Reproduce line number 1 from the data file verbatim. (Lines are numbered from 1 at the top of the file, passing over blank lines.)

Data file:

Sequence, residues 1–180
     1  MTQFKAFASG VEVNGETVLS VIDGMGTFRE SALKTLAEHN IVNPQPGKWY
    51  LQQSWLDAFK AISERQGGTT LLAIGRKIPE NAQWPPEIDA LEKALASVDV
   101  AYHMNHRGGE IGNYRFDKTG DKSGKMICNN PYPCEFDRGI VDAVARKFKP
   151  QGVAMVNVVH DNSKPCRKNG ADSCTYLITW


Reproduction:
Sequence, residues 1–180